is more likely to be nonobvious.” On March 29, 2011, the Patent Office’s Board of Patent Appeals and Interferences rejected Mouttet’s argument and affirmed the examiner’s rejection, agreeing that an electrical engineer with several years of experience would have recognized that combining the teachings of the prior art references would yield Mouttet’s claimed circuit. On appeal, the Federal Circuit affirmed the finding that Mouttet’s invention was obvious in light of Falk and the other prior art. The court stated that the mere disclosure of alternative designs in a prior art reference does not teach away from a non-preferred alternative. Falk noted certain advantages to using optical devices in his design, but did not go as far as to suggest that using wires instead of optical channels would destroy the operability of the circuit as a programmable arithmetic unit. The Court further explained that “just because better alternatives exist in the prior art does not mean that an inferior combination is inapt for obviousness purposes.” In particular, the Court held that even if Falk suggested that electrical circuits are inferior to optical circuits for some purposes, Mouttet failed to cite any reference showing that Falk’s claimed invention would be unlikely to work using electrical circuitry. Following this decision, it may be more difficult for applicants (or litigants) to show that a prior art reference disclosing multiple alternatives teaches away from the claimed invention, even in those instances where the reference expressly states that some alternatives are inferior to the preferred embodiment. When trying to oppose an obviousness rejection on the basis that a reference “teaches away” from the claimed invention, it will be important for applicants to establish that the reference does more than merely state a preference for a non-anticipating embodiment over a potentially anticipating, alternative. Applicants should emphasize that the reference affirmatively discourages using the non-preferred embodiment, or that the reference teaches that the non-preferred embodiment would be unlikely to work.
Entertainment Litigation Update
Quirk v. Sony Pictures: On July 5, 2012, a federal court in California denied Sony Pictures’s motion to dismiss writer Joe Quirk’s beach of implied contract claim relating to the upcoming film, Premium Rush. Quirk v. Sony Pictures Entm’t Inc., No. C 11-3773 RS (N.D. Cal. July 5, 2012). Quirk alleged that Premium Rush is derived from his 1998 novel, Ultimate Rush, and that Sony breached an implied contract to compensate him for the use of his material. Although the court noted that Quirk’s theory of liability stretches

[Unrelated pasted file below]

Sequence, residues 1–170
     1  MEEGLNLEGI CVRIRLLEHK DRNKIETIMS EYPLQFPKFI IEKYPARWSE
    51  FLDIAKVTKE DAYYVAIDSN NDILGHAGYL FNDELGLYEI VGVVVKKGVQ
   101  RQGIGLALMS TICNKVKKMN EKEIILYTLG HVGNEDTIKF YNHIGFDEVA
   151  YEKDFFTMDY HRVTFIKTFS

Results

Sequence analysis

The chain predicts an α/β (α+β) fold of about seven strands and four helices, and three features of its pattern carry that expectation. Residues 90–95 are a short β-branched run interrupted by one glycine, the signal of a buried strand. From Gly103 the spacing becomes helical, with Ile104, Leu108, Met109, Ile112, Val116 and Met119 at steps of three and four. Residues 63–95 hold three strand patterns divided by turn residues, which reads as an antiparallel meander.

5 California’s law of idea theft to its “breaking point” (id. at 6), Quirk’s claim was found to meet the low “facially plausible” standard required to survive a motion to dismiss. Notably, Quirk failed to allege that Sony received a copy of Ultimate Rush directly from him or his agents. Instead, Quirk theorized that a copy of his novel “passed through one or more routes between those to whom his agent directly submitted the novel” and Sony. This distinction is important because, while there is significant precedent for implied contract claims when an author submits a literary work directly to a producer on the implied condition that the producer will pay if it uses the work, see, e.g., Desny v. Wilder, 46 Cal. 2d 715 (1956), there is no previous authority to support such an implied contract without direct contact. The court explicitly stated that its decision to deny the motion was a “close call” and it applied an extremely fact-specific analysis. Nonetheless, the fact that Quirk’s claims were allowed to proceed may impact the landscape of implied contract and idea theft cases in California. FCC v. CBS: Eight years after the 2004 Super Bowl’s infamous halftime “wardrobe malfunction,” the legal battle between the FCC and CBS has finally concluded. In response to the musical halftime performance, which included 9/16ths of a second of nudity broadcast to 90 million viewers, the FCC fined CBS $550,000— the largest fine ever levied against a broadcaster. On June 29, 2012, the Supreme Court declined to hear an appeal from the Third Circuit’s decision reversing the fine, thereby making the Third Circuit’s ruling the final word. In CBS Corp. v. FCC, 663 F.3d 122, 151 (3d Cir. 2011), the Third Circuit held that the FCC’s fine was arbitrary and capricious, relying on the FCC’s previous treatment of “fleeting words”: [T]he balance of the evidence weighs heavily against the FCC’s contention that its restrained enforcement policy for fleeting material extended only to fleeting words and not to fleeting images. As detailed, the Commission’s entire regulatory scheme treated broadcasted images and words interchangeably for purposes of determining indecency. Therefore, it follows that the Commission’s exception for fleeting material under that regulatory scheme likewise treated images and words alike. Although the Supreme Court denied certiorari, Chief Justice Roberts issued a concurrence indicating that future FCC fines may not be treated in the same way because the FCC has clarified its rules on fleeting